- Not allowing myself to feel intimidated and reminding myself I am here because.. I am doing this because.. although it is sad how we often justify to ourselves that we actually deserve to be here
- Trying to understand the thinking and behaviour of others to cut through the noise and deal with the tasks at hand
- Compromising and being accommodating in certain situations
- Simply talking – talking to other women, empathising, giving praise and sharing experiences.
Above all, believing in myself. Recognising I have been invited to speak, participate and share because I am talented and skilled, not just because I am a woman or even a woman of colour. It’s all about believing in who you are, and the rest will follow.
How can we encourage more women to pursue entrepreneurship or senior leadership roles in their career?
This is something I am truly passionate about. As with so many things in the business place, there’s no one size fits all approach. It’s a multi-layered approach that needs to be filtered from both the top down, and vice versa. The entire organisation needs to stand for gender equality and career progression; this needs to be fully cemented into the culture for progress to truly be made
How? Well, it starts with education. For both men and women. Businesses should invest in diversity and equality training, and make this a priority across their HR channels. In addition, there needs to be an active approach to pushing unbiased HR policies to ensure every interview process is neutral in its delivery.
What’s more, women need to be equal to their male counterparts, so that when they progress in their careers, they are setting off from a level playing field. And it’s this grey area where I see so many problems. I have worked with some incredible, talented women in my time, and so often they are starting the race from 500 yards behind. The balance still has a long way to go.
Whilst business infrastructures and cultures need to change, and I believe this will take a very long time to see results, there are other ways women such as myself can help encourage others to step forward. My tips are:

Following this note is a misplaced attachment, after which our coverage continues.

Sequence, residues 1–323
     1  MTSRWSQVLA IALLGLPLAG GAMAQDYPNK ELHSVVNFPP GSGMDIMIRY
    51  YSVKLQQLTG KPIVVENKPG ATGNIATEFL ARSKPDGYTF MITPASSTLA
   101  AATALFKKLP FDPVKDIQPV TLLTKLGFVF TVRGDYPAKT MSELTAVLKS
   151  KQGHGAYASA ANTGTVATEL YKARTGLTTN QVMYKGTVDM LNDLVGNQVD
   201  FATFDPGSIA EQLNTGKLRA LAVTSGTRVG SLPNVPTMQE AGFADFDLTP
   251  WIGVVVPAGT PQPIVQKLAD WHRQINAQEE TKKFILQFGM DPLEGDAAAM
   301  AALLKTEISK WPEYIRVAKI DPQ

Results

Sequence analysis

Be kind and open: You’d think women would support women. But on the odd occasion, you see women competing against each other. Don’t adhere to this toxic narrative, and ensure you are kind and open to all females within your workplace and industry, and encourage them on their path.
Mentor and inspire: Whether it’s informal or a more formal setting, I think women in leadership roles should regularly mentor and inspire their female colleagues – even if they sit in a different department in the business. Tips on how to present yourself, how to manage political situations etc., are all aspects of work life that can be tricky to navigate without guidance.
Empathise & Feedback: Acknowledge the tough environments we may find ourselves in and don’t be afraid to talk, share, learn, evolve and provide feedback. It can be a lot of work, but often taking on the challenges to knock those barriers down by not giving up is really powerful.
Continue to educate and increase awareness: And lastly, I guess it is about not being afraid to speak out about these issues. It’s not about blame, and it certainly isn’t about men versus women. It is about collaborating and making the discussion topic one to not be afraid of.
Take time to reflect: We often go about our daily routines and accept what we encounter as the norm. Sometimes just taking a step back and reflecting on situations can act as a stark reminder of the reality of unconscious bias that one may have experienced, or still exist, or even the enormity of change and education that is still needed.
Is there anyone that inspires you in your career?